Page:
In this epoch of consumerism where human desires grow like mushrooms after the summer rains and savings are agreeable to buyers’ wallets – the sales, not surprisingly, remain attractive.

In Canada and the U.S., homes are overwhelmed with stuff, but people keep buying. Commercials agitate the ego, insisting that “you deserve it”. The sales are a game, a thrilling adult game. To buy something cheaper is like winning a market battle with the buyer. Who is more cunning in this financial play? The buyer or the seller?

There are two famous annual events in North America: Canada’s Boxing Day and the U.S.’s Black Friday. Unlike its neighbour in the south, Canada is more reserved and polite in its approach to the bargain day. In the U.S., things are a little more competitive and you’ll see the difference if you dare to venture into the shopping fray.

Canada: Boxing Day

The Boxing Day originated in Britain as a day of Christmas boxes, or presents, that masters gave to their servants together with their day-off, so that they could go to their families and give them Christmas gifts. Nowadays, Canada’s Boxing Day is an extra holiday, which Canadians can spend in stores to buy more stuff. How to attract them after their crazy pre-Christmas shopping when all the money has already been spent on Christmas gifts for families and friends? The answer is simple: deals—though a majority of Canadian bargain hunters admit that best deals happen on Black Friday, even though it is an American holiday.

America: Black Friday

“Black Friday” owes its name to the cops of downtown Philadelphia who dealt with the street chaos following Thanksgiving. The chaos is still on and it has spread across North America. The “event”, which brought in $5 billion dollars in 24 hours last year, isn’t complete without reports of injuries and even deaths. The promise of a bargain brings out the worst in human beings: greed, envy, jealousy, violence, assault, and insult. It doesn’t matter how prevalent the aggressive element of Black Friday is in the U.S., the tradition is expanding globally.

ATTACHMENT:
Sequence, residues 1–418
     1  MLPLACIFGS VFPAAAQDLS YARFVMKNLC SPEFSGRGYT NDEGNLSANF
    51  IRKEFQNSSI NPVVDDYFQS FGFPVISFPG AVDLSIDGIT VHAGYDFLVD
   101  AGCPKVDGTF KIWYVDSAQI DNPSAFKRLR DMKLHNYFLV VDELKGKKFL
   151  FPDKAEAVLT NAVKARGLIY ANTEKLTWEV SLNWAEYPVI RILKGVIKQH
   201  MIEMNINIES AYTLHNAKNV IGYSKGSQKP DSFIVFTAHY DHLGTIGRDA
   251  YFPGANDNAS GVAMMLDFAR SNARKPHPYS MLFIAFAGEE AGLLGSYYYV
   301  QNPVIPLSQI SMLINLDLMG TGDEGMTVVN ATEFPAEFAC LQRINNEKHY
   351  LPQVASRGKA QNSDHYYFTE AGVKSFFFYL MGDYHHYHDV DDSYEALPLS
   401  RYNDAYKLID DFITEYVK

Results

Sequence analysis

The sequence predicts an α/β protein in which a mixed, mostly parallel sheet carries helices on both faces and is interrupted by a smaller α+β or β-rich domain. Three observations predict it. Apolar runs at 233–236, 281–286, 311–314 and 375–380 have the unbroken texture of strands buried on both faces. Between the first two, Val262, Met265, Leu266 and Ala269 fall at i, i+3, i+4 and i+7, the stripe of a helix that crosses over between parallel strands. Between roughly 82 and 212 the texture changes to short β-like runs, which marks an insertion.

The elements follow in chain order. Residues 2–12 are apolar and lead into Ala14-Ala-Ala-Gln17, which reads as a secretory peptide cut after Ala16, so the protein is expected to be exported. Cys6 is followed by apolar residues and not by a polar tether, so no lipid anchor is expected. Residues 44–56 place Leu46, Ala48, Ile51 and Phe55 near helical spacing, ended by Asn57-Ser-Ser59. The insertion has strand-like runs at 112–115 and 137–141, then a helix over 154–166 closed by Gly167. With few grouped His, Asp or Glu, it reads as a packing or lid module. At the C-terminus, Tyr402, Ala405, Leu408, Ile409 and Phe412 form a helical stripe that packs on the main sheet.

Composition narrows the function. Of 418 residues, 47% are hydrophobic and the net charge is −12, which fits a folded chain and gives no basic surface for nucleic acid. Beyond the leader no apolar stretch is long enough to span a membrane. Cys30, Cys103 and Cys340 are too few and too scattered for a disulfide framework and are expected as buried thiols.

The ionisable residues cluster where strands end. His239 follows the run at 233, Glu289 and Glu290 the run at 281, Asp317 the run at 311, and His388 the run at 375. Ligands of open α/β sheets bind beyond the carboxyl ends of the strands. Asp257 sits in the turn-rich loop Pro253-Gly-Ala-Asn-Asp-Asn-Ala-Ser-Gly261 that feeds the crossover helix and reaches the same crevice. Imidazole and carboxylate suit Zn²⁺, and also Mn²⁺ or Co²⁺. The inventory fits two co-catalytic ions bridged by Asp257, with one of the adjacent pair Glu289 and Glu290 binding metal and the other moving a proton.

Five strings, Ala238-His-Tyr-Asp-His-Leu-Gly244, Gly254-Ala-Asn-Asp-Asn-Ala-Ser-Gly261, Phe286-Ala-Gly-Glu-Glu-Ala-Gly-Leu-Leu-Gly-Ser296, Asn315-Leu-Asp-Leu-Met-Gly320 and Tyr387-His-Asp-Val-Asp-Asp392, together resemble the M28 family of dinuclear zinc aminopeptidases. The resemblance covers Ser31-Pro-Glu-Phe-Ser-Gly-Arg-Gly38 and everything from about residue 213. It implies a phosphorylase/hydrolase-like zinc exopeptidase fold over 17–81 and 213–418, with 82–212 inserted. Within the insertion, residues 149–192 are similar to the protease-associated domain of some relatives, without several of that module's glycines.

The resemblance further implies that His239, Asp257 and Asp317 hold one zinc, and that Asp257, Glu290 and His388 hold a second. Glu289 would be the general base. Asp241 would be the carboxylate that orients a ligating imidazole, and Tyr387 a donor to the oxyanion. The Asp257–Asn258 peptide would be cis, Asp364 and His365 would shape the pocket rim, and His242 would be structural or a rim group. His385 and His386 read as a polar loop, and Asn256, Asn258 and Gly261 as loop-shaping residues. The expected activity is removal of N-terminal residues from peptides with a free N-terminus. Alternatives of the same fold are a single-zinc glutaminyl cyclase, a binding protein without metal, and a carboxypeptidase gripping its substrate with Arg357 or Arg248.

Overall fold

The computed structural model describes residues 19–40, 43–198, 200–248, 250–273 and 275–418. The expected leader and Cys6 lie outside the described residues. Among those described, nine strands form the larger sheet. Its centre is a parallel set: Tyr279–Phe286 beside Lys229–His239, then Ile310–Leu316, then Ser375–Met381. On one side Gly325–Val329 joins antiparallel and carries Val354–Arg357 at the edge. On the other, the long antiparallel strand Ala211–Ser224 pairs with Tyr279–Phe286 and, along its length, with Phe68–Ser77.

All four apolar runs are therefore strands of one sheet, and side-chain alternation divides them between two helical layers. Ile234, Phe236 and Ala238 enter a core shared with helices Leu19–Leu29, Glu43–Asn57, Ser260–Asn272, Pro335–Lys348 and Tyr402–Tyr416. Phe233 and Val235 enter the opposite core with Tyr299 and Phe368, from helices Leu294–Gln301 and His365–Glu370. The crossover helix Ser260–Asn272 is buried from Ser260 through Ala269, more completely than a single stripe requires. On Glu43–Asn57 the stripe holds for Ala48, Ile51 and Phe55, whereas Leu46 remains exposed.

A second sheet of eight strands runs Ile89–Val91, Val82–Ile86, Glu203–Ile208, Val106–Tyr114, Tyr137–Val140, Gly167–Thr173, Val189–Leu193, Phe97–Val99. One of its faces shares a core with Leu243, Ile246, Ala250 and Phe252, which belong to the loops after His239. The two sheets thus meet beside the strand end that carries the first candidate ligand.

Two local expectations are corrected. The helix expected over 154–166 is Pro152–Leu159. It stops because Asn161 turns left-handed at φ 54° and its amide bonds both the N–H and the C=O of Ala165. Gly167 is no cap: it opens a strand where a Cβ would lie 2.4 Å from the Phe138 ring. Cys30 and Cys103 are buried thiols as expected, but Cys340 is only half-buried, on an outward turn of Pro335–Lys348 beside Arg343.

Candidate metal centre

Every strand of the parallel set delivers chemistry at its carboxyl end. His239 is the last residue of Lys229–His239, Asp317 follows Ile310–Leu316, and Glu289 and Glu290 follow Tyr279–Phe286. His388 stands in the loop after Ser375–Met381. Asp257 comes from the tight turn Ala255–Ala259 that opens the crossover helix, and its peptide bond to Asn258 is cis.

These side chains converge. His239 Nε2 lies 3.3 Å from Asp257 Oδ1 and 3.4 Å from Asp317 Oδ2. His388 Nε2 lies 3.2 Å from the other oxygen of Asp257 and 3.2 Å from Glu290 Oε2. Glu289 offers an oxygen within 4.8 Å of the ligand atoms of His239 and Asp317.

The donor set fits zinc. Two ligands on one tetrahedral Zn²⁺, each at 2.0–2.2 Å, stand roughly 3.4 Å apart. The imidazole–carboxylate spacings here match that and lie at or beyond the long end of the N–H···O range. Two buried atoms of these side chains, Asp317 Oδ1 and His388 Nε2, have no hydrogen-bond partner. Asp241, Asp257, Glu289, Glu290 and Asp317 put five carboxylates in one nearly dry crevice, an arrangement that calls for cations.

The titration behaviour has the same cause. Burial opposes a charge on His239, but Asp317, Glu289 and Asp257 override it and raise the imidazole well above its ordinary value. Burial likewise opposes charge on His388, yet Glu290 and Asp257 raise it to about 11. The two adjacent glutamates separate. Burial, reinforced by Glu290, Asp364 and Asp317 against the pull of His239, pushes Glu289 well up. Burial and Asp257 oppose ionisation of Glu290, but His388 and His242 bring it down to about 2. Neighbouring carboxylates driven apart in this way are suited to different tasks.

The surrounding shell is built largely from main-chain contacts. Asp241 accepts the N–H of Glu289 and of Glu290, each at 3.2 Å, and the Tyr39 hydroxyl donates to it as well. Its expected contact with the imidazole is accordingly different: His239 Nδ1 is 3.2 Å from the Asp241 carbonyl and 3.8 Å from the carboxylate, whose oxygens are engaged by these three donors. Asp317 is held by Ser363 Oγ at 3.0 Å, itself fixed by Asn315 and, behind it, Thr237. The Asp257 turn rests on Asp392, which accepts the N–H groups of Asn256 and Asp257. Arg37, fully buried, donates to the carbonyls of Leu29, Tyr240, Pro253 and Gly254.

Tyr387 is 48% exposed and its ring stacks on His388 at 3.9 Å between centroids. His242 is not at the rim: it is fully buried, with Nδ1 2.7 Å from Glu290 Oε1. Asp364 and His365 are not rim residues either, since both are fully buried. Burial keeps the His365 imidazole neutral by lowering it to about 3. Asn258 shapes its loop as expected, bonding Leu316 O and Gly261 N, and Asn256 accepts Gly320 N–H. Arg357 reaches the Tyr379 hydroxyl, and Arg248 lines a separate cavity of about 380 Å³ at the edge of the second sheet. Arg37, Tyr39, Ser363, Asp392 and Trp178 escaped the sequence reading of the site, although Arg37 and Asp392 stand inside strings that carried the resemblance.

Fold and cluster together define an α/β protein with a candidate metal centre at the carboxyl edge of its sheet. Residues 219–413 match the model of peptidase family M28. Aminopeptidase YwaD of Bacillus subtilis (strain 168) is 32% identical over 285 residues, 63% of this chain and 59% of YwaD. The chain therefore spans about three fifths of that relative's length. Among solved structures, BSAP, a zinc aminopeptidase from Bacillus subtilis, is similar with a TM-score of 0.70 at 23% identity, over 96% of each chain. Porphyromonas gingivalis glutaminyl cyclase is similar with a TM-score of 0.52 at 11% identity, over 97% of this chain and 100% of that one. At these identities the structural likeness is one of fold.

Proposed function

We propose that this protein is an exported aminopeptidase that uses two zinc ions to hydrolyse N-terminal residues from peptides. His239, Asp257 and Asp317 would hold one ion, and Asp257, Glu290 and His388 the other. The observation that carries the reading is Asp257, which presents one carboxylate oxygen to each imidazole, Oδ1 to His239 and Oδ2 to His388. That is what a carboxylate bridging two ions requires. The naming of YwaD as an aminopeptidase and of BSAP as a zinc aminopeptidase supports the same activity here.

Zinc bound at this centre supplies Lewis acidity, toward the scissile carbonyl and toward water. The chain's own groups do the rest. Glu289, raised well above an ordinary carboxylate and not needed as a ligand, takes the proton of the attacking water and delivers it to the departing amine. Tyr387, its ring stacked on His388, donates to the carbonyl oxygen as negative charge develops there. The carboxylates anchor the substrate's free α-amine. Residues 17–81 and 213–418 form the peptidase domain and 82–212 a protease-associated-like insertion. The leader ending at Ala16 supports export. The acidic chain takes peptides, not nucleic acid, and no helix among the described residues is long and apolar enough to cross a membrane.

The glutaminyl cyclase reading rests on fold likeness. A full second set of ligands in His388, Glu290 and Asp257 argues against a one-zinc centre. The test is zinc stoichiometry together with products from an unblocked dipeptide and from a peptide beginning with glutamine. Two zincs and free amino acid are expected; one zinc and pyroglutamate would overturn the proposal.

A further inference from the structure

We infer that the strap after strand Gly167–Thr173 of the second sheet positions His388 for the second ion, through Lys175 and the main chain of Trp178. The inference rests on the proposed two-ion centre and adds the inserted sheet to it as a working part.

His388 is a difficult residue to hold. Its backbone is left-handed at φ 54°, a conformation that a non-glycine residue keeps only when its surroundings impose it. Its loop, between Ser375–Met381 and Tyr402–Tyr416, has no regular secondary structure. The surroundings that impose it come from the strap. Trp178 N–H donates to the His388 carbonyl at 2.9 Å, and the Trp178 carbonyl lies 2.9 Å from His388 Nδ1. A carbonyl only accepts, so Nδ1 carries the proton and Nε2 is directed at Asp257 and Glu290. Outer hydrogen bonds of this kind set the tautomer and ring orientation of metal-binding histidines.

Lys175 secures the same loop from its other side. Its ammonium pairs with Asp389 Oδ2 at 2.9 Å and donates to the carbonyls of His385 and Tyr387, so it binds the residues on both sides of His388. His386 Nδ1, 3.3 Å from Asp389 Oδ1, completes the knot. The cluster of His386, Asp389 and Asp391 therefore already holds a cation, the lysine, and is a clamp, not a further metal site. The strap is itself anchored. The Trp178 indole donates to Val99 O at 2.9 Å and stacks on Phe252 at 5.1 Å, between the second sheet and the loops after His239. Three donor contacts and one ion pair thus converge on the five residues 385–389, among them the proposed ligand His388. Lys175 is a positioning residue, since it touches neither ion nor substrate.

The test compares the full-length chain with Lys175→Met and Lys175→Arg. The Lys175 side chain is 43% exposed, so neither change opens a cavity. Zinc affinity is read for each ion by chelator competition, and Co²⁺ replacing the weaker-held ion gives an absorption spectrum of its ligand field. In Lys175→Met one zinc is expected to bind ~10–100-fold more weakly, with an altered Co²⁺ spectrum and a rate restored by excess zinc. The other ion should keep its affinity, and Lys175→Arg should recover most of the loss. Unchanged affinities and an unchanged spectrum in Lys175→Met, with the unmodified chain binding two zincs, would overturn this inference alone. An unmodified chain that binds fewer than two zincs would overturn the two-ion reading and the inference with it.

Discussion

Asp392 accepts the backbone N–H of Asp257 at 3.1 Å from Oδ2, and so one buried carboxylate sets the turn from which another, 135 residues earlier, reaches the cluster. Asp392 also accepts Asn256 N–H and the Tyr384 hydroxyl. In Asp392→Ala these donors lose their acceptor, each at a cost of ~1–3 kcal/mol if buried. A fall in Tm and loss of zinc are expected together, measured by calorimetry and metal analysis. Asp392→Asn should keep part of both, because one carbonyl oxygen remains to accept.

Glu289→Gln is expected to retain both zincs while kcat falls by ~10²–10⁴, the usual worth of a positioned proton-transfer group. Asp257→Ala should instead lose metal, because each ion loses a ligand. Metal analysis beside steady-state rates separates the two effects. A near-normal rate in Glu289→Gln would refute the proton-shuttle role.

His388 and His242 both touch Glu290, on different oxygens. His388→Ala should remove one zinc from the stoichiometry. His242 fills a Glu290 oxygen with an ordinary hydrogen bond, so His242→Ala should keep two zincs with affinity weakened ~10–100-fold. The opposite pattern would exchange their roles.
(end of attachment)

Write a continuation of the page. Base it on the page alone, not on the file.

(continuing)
Many people will be surprised to know that Boxing Day in the USA is not a bargain day as in Commonwealth countries, but an additional holiday that Americans spend with families and friends. Nearly 88 percent of the U.S. population celebrates this day. While government offices and banks are open and staffed with grumpy personnel who’d prefer to stay home with their families, pizza delivery businesses are thrilled due to a high volume and huge profits on this day.

Regardless of the pros and cons of the high-stakes sales scene both in Canada and the U.S., a smart consumer can still find record bargains and big savings on these shopping holidays. However, these countries’ cultural differences beget different tips to survive the sales. So if you are visiting North America on one of these popular sales days, it’s good to know that:

On Canada’s Boxing Day:

  1. Shop alone or with no more than one companion to avoid being unnecessarily distracted by a crowd.
  2. Dress comfortably and practically: no heels, no flip-flops, and wear breathable clothes to maintain your cool.
  3. Parking may be overcrowded, so use public transportation. At the end of the day, consider treating yourself to a cab to take you home to celebrate your lucky finds.
  4. Do preliminary research to have a better idea of real deals and have a shopping list to avoid aimless vagabonding among crowds.
  5. Bring snacks and water to avoid crowded food courts.
  6. It may sound paradoxical, but avoid malls and try online shopping starting at 12:01 a.m. You may get what you want while staying in the coziness of your home.
  7. Breathe deeply, remain polite, and respect others.

On USA’s Black Friday:

  1. Shop with your shopping team to take advantage of as many deals as possible.
  2. Research, plan your budget, and study comparison apps in advance.
  3. Designate one of your companions as the driver and focus on remote and less crowded malls.
  4. Grab your coupons and prepare for the attack.
  5. Fuel your body and brain in food courts or with snacks.
  6. Adopt a positive mindset, be prepared for sudden changes, and adapt on the fly.
  7. Protect yourself.

The differences between these two shopping holidays are obvious and reflect the character of both nations. But the key question remains. “Is it worth going for these sales?” Experts say not really, as unlike the past, nowadays the sales are beginning weeks before and lasting long after the sale’s calendar day.

Yet, the best deals are still the zest of Canadian Boxing Day and American Black Friday, even though the selection is limited and you’ll have to endure the real ordeal of a sleepless night and (possibly) dangerous fights with the crowd. Today, convenience and comfort of buying prevail among buyers’ values. From the era of retailer power, the market has moved to the era of consumer power, and what will be tomorrow is only known to Tomorrow.